According to the 2017 changes to the Recall provision, California voters who signed the Recall Gavin Newsom petitions have 30 days to change their mind and request the County Registrar/Recorder remove their names from said petition.
Another fun fact about those changes: there is actually $5 million dollars appropriated to fund the Recall. This is already baked into the State budget. So, ignore all the Nanny naysayers crying about Recall election costs. If we can do a $116.5 million giveaway for people who get the COVID vaccination, we can fund a Recall election.
The deadline for voters to rescind signatures is in 10 days: June 8. But in viewing four counties that turned in a large number of signatures, there appear to be only 11 registered voters who have put in this request.
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Eleven. I would find this extremely pathetic, if it weren’t so uproariously funny.
Recall Numbers for Four Counties and Number of Signatures Rescinded (Credit: GV Wire)
The Recall organizers gathered over 2.1 million signatures, and over 1.7 million signatures were certified by the Secretary of State.
We don’t know yet what the numbers of rescinded signatures are from the other 54 counties in the State, but with over 1.7 million certified signatures, there would have to be a massive (and coordinated) rejection to take that number below 1.5 million signatures, which is the required amount to trigger a Recall election.
From the GVWire:
The attempt to recall Gov. Gavin Newsom is in the stage when petition signers can withdraw their signatures.
But in four central San Joaquin Valley counties, the second thoughts are few and far between.
Fresno County reports only 10 requests to pull back signatures. There’s been just one in Tulare County and none in Madera or Kings counties.
That means in Fresno County, only 0.017% of signers asked for removal.
Fresno County Clerk/Registrar of Voters James Kus doesn’t expect many more.
“The next two weeks look to be quiet with a lot of preparation going on behind the scenes,” Kus said.
I suspect this will be the case in other Counties, as well.
One of the County leads for the Recall Gavin 2020 campaign put this together from the Secretary of State’s numbers:
County Numbers of Verified Signatures Compiled from the SOS website by Susan Hurd. Used with Permission.
Take the largest County in the State: Los Angeles County. With over 10 million inhabitants, 5,637,015 of them are registered voters, majority Democrat. There were 328,224 Los Angeles County signatures sent to the Secretary of State for verification, and 264,495 signatures were certified. If the majority of those voters stick with their John Hancock on the petition, and then follow it up by voting to Recall Newsom, we have no worries.
Word on the ground from both organizers and signature gathers is that this will be the case throughout. These warriors are not sitting around waiting for the Secretary of State and the Lieutenant Governor to set an election date; they are working on Recall Phase II, which includes phoning potential voters, manning information and merchandise booths, organizing and attending rallies and vehicle caravans, and assisting with data collection for Get-out-the-Vote follow-up.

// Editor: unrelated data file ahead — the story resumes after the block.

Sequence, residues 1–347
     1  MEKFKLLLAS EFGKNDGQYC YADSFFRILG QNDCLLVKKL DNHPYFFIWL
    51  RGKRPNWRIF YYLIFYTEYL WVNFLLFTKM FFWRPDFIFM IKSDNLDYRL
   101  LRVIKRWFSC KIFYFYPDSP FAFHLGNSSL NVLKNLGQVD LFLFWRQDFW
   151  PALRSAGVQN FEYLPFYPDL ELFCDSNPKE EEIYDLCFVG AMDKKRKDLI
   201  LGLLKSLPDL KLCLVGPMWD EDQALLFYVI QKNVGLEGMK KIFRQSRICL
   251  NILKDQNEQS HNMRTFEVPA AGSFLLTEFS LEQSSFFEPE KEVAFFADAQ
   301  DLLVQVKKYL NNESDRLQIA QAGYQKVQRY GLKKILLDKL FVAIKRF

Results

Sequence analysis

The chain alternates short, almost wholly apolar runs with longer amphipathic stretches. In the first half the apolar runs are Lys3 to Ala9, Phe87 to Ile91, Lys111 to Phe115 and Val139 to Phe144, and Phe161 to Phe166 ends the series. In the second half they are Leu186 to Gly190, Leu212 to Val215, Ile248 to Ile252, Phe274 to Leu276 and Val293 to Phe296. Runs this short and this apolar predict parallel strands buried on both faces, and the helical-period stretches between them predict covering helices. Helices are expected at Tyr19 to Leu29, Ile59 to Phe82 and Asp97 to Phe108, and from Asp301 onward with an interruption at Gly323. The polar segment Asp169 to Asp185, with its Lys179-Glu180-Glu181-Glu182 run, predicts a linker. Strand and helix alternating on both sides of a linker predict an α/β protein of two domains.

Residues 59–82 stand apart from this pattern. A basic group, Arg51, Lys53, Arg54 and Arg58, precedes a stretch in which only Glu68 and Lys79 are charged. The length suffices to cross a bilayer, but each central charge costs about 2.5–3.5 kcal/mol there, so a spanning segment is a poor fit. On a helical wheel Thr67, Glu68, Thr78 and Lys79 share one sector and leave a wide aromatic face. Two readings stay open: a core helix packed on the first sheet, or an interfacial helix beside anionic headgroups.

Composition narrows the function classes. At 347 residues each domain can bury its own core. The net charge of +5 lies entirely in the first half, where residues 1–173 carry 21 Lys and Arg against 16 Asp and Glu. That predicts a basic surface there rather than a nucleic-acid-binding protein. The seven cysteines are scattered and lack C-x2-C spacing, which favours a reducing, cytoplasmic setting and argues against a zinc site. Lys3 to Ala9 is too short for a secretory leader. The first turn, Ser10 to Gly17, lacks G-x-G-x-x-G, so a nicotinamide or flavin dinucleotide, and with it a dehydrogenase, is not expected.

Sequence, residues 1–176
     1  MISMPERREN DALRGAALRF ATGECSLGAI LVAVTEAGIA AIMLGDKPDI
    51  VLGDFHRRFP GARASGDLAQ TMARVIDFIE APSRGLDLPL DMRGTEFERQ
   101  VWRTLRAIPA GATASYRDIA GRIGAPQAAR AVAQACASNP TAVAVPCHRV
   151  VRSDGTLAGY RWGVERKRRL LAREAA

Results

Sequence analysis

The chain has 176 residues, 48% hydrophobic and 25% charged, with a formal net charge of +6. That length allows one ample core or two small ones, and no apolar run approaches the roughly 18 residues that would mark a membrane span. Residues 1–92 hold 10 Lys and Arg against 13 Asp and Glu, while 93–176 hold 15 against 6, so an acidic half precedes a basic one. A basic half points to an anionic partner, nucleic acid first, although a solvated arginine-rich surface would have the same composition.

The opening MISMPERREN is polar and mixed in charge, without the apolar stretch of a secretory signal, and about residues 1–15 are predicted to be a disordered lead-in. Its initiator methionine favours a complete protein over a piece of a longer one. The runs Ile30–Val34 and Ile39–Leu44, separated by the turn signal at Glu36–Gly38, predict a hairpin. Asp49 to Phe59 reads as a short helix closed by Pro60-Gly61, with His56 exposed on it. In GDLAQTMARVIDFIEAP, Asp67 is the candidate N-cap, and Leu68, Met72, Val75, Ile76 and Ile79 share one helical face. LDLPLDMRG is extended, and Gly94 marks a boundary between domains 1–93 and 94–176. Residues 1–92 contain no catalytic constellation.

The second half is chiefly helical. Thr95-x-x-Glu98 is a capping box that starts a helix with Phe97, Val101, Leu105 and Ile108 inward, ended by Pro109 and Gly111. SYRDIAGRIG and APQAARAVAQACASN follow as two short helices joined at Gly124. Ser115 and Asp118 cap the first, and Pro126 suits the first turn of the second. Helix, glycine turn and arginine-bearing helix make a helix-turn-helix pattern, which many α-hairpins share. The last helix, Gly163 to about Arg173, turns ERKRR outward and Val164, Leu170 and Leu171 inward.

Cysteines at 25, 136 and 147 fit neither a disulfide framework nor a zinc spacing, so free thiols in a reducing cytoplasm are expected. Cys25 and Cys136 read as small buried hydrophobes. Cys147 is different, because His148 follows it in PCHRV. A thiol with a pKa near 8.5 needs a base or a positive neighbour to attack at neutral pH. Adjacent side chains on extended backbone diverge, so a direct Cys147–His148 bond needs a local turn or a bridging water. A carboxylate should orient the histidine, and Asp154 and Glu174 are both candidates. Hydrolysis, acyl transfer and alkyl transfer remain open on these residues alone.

Just because the noise has abated, doesn’t mean the Recall is still not in attack mode. Like a Panther ready to pounce, it is quietest before the deadly strike.
In the meantime, Dems gonna Dem. The party and the industries that prop them up (think the Public Policy Institute of California) are saying that Governor Hair Gel is doing very well, and the chances of him being Recalled are diminishing.
One State Senator tweeted that the Recall needs to happen sooner, rather than later, to ensure that Newsom comes out on top.
From the Sacramento Bee:
Things are looking up for Gov. Gavin Newsom.
After a brutal year of skyrocketing COVID-19 cases, worries about the economy, and a political revolt, the Democratic governor is now enjoying a huge budget surplus, one of the lowest case rates in the nation, and a steady approval rating.
That’s why, some Democrats say, the recall election needs to be held sooner rather than later.
State Sen. Steve Glazer, D-Orinda, floated the idea on Twitter last week, saying the best way to beat this “reckless recall” is to have an early election.
“He has rebounded well with vaccines and budget,” Glazer wrote. “His biggest threats are the unknowns: virus variant, fires, school reopening. No reason to delay and give opposition any more running room.”
Although the recall is likely to qualify for the ballot, an election has not yet been scheduled. The Secretary of State confirmed last month that the petition gathered more than the requisite 1.5 million signatures, but several things need to happen before California voters mark a date in their calendars.
It’s well within the rights of state officials to move the recall up, Glazer said, and doing so would box out the recall proponents.
“They love the maneuverability for anything to happen,” Glazer said of recall supporters. “They want to create chaos, and every day that elongates the election gives them more opportunity for chaos.”
We don’t need opportunity for chaos. His Hairfulness does a great job of creating that all by himself. This is why we’re here.